3) The Netherlands has some entertaining players
We were warned about 18-year-old phenom Vivianne Miedema, but the other players in the Dutch front four — Danielle van de Donk, Martens and Manon Melis — showed some real skill and ingenuity, especially when they could get going on the counter. It was Martens who eventually scored (the only goal from the run of play on the day), but like their men’s team, the Netherlands really knocked the ball around well. At least in the first half ….

4) But New Zealand’s physical play dominated the second half
In fact, the game ended 50-50 in possession, with the Ferns having 59 percent possession in the second half. It looked like a hockey game at times, not only because of the physical play (poor Dutch goalkeeper Loes Geurts, who played college soccer at Western Illinois, was on the ground a few times and had her face full of turf pellets for much of the contest), but because the Netherlands could not get out of their own end. They got away with it today (and three points should allow them to advance already), but against better teams, the Netherlands will need to get out of trouble much better.

5) Fatigue on artificial turf
Much has obviously been made of the artificial surfaces and their effect on the game, and it remains to be seen how quickly players can recover in a tournament that will require the winner to play seven matches. However, turf could have a factor on in-game fatigue as well. It wasn’t scorching hot in Edmonton on Saturday, but it was warm, and it is much hotter on turf than it would be on grass at the same temperature. China and the Netherlands each looked very tired at the end of their respective games, and we’ll see if other teams suffer a similar fate as the tournament progresses.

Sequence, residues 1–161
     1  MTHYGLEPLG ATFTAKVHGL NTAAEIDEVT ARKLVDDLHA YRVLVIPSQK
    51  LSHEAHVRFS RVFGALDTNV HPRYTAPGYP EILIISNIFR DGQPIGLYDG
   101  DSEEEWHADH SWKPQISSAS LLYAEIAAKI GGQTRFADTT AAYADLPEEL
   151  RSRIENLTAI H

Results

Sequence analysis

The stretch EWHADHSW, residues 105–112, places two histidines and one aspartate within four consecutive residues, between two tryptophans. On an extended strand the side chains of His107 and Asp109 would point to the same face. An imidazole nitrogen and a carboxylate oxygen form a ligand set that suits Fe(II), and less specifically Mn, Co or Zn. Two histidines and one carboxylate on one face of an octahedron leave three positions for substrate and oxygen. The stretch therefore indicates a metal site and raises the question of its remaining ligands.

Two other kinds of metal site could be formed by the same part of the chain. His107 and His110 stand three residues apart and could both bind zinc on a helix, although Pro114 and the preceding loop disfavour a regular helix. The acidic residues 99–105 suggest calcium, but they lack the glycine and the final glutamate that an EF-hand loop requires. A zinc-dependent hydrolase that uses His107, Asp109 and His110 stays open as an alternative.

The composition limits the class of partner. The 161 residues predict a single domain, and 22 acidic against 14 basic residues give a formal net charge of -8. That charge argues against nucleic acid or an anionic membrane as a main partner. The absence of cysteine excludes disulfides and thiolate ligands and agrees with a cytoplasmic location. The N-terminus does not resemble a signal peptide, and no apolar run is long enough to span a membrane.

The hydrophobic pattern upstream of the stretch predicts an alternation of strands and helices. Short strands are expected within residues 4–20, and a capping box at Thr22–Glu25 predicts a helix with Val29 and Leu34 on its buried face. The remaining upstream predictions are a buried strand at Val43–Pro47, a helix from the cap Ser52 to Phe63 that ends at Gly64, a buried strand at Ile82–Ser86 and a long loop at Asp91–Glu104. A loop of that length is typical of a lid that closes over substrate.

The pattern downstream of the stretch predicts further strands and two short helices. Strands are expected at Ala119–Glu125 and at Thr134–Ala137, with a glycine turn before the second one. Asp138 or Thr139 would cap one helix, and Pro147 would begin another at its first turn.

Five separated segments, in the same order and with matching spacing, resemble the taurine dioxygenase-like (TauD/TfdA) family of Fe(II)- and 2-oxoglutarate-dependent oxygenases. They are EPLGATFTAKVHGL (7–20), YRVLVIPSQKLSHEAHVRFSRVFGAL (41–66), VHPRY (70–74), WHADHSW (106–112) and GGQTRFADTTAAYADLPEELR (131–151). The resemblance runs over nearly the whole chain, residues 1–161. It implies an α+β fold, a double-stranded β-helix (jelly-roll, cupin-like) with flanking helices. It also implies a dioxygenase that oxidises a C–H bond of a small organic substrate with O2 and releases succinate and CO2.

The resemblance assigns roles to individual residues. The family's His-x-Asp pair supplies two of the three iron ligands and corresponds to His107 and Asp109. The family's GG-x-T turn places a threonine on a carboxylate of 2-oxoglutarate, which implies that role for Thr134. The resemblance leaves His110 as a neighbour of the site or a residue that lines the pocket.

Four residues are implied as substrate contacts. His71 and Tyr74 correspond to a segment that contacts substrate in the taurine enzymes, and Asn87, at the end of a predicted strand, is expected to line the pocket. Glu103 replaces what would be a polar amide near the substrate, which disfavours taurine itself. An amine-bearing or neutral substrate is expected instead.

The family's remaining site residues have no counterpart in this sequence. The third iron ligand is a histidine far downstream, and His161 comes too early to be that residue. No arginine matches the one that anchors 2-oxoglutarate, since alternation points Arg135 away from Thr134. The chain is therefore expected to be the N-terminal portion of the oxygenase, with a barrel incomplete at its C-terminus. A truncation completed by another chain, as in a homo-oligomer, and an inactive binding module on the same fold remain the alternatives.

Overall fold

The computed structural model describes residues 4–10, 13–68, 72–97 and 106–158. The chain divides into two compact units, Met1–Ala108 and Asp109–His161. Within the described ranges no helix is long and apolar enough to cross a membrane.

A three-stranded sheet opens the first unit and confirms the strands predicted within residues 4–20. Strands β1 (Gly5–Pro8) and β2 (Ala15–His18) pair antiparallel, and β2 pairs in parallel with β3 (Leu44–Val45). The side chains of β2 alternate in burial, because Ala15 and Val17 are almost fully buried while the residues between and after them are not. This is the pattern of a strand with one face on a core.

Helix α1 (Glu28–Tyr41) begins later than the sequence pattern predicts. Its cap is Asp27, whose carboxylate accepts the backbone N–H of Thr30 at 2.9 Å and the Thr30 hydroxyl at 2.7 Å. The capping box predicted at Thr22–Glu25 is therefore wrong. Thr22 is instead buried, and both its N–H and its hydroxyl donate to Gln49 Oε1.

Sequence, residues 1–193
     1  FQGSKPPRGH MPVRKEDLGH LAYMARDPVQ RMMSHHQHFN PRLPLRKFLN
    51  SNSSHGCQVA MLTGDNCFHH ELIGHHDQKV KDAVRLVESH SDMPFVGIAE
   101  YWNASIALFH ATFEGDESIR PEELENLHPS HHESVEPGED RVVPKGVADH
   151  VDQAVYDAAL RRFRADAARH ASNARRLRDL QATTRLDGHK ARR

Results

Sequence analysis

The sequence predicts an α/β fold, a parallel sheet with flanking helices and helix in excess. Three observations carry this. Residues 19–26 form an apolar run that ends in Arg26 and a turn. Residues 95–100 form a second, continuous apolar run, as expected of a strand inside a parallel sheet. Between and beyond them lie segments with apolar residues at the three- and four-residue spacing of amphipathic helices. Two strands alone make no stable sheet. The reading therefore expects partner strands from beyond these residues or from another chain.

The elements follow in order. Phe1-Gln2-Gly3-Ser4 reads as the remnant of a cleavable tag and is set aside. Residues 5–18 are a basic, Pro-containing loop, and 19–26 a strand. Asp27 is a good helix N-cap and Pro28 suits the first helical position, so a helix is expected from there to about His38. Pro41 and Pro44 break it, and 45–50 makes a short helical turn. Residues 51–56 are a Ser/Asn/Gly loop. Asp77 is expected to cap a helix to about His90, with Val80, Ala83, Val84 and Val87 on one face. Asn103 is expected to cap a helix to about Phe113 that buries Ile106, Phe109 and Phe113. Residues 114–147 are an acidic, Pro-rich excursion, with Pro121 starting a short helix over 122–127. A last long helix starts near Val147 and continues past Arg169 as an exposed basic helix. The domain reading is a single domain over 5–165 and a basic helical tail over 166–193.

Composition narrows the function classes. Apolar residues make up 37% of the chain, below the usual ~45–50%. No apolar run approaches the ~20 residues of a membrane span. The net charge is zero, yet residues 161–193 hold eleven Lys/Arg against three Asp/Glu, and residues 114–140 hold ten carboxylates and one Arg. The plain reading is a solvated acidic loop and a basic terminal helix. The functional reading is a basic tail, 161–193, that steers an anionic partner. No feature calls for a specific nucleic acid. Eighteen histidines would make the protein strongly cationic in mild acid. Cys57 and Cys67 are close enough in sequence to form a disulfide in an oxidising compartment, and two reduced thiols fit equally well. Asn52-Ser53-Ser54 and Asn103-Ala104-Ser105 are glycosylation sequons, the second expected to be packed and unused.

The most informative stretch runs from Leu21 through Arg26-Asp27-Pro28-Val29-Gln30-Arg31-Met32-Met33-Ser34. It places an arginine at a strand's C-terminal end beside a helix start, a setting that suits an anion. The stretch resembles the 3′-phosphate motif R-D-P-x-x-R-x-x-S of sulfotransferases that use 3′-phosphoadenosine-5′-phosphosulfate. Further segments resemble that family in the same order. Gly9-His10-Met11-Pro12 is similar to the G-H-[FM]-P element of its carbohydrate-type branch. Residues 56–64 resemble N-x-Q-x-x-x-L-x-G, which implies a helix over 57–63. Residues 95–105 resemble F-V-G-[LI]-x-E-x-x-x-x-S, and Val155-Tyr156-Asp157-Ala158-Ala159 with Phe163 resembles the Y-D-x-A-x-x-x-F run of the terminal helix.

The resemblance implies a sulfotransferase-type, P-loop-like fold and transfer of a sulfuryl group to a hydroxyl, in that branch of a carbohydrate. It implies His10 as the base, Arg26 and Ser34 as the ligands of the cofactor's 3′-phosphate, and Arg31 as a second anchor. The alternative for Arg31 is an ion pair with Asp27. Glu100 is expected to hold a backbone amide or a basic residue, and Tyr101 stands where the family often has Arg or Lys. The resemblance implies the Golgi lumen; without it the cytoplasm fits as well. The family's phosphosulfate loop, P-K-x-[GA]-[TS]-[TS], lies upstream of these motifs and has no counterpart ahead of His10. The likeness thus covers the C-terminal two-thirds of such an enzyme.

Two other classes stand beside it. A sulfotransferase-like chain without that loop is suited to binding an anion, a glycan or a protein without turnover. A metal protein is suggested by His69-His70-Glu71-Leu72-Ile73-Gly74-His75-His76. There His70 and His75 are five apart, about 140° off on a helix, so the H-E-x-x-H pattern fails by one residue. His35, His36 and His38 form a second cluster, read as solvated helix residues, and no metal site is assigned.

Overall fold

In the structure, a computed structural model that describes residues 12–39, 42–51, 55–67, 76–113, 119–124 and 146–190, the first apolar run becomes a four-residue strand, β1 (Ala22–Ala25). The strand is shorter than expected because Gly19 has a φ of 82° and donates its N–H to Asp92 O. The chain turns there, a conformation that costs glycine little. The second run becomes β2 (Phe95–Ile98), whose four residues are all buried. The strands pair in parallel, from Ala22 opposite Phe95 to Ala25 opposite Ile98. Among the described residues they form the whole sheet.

VIDEO: Breaking down some celebrated Premier League derbies

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The kickoffs aren’t coming back soon, so we’re finding solace in anticipating the biggest matches on the Premier League calendar.

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Certain rivalries are circled on the fixture list when it arrives each summer, the sort of games that seem to level the playing field regardless of the gulf in class.

Is Arsenal struggling? No better way to bounce back than Spurs.

Liverpool sliding a bit? It’ll snap back to form when Everton hits Anfield.

PST lead writer and editor Joe Prince-Wright has prepped up for several of these derbies over the years, and here’s a cheat sheet for those new and a tasty summation for those missing their hated foes.

Liverpool-Manchester City

Arsenal-Tottenham Hotspur

Liverpool-Everton

Manchester City-Manchester United

Chelsea-Tottenham Hotspur

Bournemouth’s Howe takes voluntary pay cut, first PL manager to do so

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Bournemouth manager Eddie Howe is the first Premier League manager to take a pay cut due to the coronavirus suspension.